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Air Force's B-52 to keep flying through 2050

DAYTON, Ohio -- The Air Force asked for $280 million in next year's budget to upgrade and add new engines to the remaining 75 B-52s, which were first built in the 1950s and once were an iconic symbol of U.S. air power.

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Barrie Barber
, Cox Newspapers

DAYTON, Ohio -- The Air Force asked for $280 million in next year's budget to upgrade and add new engines to the remaining 75 B-52s, which were first built in the 1950s and once were an iconic symbol of U.S. air power.

The B-52s will fly through 2050 alongside the Air Force's newest stealth bomber, the B-21 Raider. Built years after the B-52s, the swing-wing B-1B Lancer and bat-winged B-2 Spirit stealth bomber will be retired in the early 2030s, the Air Force said.

Former pilot Kenneth J. Curry flew a badly damaged B-52 shot up from an anti-aircraft missile strike that left dozens of gaping holes spewing jet fuel like water faucets over North Vietnam in 1972.

The B-52D Stratofortress he once commanded is today a Cold War relic at the National Museum of the U.S. Air Force at Wright-Patterson Air Force Base, where the bomber has stood since 1979.

But the remnants of the workhorse fleet that last rolled off the assembly line during the Cuban Missile Crisis era in October 1962 will fly decades longer and a for century since it was designed.

"It's just an amazing airplane," Curry, 72, of Loveland, Colorado, said in a telephone interview. "I think it's a testament to our country in many ways to have had the capability to build such an airplane that would last so long."

Boeing built 744 of the bombers, nicknamed Buff, or the Big Ugly Fat Fellow, but barely 10 percent remain flying. The Air Force has targeted buying at least 80 to 100 Northrop Grumman B-21s.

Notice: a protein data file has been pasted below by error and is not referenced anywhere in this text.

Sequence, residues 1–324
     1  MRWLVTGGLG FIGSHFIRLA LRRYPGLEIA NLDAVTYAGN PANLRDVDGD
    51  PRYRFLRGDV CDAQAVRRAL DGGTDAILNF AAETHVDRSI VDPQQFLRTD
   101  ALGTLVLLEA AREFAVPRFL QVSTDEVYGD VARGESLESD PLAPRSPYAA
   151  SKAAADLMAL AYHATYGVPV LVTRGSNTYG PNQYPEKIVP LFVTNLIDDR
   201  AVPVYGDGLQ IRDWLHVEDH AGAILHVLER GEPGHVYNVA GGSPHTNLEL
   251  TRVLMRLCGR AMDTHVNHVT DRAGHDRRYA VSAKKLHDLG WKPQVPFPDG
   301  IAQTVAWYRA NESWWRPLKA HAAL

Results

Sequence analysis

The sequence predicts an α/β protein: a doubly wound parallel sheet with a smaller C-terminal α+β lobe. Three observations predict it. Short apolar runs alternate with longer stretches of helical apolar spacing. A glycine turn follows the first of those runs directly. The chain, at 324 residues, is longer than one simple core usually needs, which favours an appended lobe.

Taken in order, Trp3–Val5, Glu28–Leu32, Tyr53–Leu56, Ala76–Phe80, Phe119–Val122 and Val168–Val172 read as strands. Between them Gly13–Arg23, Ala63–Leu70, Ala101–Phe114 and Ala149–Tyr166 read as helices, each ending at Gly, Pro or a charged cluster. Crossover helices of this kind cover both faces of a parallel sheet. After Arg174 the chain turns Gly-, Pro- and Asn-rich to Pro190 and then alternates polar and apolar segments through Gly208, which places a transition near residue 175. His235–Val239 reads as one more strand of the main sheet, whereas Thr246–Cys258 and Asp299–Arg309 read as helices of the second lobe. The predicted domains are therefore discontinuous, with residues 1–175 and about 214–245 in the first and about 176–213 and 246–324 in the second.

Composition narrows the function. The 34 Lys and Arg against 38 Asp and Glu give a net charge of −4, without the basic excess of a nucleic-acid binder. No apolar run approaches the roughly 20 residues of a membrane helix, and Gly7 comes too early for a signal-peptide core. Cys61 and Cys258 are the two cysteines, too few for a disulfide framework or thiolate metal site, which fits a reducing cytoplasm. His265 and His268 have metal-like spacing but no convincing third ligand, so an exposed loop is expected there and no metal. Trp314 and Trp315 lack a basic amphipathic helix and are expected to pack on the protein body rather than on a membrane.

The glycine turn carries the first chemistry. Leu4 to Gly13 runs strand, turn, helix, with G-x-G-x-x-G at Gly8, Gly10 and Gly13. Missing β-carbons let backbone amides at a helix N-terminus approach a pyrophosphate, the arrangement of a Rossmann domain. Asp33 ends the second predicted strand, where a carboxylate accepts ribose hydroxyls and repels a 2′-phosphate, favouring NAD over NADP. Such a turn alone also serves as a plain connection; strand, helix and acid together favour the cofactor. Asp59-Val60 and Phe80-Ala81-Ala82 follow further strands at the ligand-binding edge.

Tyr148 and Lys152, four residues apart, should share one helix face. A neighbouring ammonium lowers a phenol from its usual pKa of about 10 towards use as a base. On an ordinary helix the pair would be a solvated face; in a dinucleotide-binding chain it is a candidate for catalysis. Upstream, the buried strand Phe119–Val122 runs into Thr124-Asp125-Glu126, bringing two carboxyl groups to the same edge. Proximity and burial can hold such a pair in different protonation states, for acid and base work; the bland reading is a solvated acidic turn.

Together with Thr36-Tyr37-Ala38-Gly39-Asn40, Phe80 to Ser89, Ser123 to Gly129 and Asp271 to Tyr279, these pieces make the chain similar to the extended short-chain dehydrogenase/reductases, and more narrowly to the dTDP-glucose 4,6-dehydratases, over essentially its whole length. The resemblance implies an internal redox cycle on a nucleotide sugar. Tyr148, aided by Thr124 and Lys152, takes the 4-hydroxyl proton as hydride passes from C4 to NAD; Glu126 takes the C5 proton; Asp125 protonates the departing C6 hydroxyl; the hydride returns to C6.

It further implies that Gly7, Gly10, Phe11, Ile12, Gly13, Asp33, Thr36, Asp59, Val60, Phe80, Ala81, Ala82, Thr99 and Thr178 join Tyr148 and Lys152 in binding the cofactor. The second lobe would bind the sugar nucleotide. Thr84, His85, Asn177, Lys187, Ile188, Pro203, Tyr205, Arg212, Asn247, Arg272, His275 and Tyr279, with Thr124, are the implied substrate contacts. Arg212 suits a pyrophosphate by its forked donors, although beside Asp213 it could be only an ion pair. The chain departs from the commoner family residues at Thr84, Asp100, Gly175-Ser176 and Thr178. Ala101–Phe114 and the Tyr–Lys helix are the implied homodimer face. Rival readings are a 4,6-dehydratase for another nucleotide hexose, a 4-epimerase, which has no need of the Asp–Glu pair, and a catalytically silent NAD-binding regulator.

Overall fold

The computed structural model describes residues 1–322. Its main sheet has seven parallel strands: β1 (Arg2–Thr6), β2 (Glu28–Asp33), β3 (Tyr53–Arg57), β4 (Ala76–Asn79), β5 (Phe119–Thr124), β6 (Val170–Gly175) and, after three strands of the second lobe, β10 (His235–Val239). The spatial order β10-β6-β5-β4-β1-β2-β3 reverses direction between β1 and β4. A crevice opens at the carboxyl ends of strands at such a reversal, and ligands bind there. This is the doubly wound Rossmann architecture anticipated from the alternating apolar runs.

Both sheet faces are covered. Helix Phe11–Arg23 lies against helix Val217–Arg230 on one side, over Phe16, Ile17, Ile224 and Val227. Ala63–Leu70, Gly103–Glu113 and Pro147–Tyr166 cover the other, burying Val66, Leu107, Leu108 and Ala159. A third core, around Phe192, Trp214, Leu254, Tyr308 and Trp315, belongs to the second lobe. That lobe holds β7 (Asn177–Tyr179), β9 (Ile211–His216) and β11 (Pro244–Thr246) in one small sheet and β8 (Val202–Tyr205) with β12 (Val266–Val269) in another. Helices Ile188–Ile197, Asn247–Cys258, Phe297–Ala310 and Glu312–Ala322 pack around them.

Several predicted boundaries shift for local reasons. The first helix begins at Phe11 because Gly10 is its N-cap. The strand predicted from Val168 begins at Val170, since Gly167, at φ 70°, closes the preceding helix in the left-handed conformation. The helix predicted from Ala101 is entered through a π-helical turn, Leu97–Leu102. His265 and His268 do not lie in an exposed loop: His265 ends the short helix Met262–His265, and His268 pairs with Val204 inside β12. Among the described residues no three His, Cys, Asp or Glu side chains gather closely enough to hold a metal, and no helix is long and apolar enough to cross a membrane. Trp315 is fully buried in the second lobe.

The Air Force decided to keep the more than half-century B-52s for decades more because of the availability of the airplane, its capabilities, maintenance demands and cost, among other factors, according to Capt. Mark A. Graff, an Air Force spokesman at the Pentagon.

'Built to last'

The lumbering jet was "built to last, and its systems have been rejuvenated and replaced over the years," said Richard Aboulafia, a senior aviation analyst with the Teal Group in Virginia. "The engines are the last missing piece. It can't penetrate defended air space, but it is useful as a bomb truck. There's no reason not to keep it."

Dayton and Wright-Patterson have a key link to the bomber's history. Wright-Patt's bomber development chief pressed Boeing officials visiting the base in October 1948 to consider "pure jet power" instead of turboprops for the future jet. They responded and drafted the redesign over a weekend in a Dayton hotel room, a B-52 Stratofortress Association narrative says.

Over the years, the jet has flown bombing missions from southeast Asia to the Middle East. Today, it's also sent overseas to deter adversaries in places from Europe to the South China Sea and the Korean peninsula.

B-52s had a mission capable rate of nearly 74 percent in fiscal year 2016, according to the Air Force. By comparison, the fleet of 62 B-1 and 20 B-2 bombers were available for missions about 51 percent of the time, statistics show.

Along with the Boeing-built plane's large bomb load, the eight-engine jet can fly missions at low levels and high altitudes, the former B-52 pilot said.

Future air power

Loren B. Thompson, a senior defense analyst and defense industry consultant with the Virginia-based Lexington Institute, said none of the three bombers flying in the Air Force fleet today will be able to "safely penetrate well-defended air space in the future, not even the stealthy B-2."

Even so, the B-52 will be armed with long-range standoff weapons on nuclear missions, he said. "These stealthy cruise missiles are very difficult for even the most capable defenders to intercept," he said in an email.

"When the mission is non-nuclear and the enemy lacks good air defenses, as in the case of ISIS and the Taliban, the B-52 remains the most cost-effective 'truck' in the force," he added. "Other bombers are harder to maintain in a high state of readiness."

Aboulafia said the B-1B, built in the 1980s, "has been on borrowed time for years."

"It can't penetrate heavily defended airspace, and it's extremely expensive to operate" and harder to replace than the B-52, he added.

"The B-2 retirement decision is the only mystery," the aviation analyst said in an email. "I expect they feel that the B-21 is more capable and modern, with essentially the same function, so why not harvest the cost savings from retiring the fleet and put it into a few more B-21s."

Barrie Barber writes for the Dayton Daily News. Email: Barrie.Barber(at)

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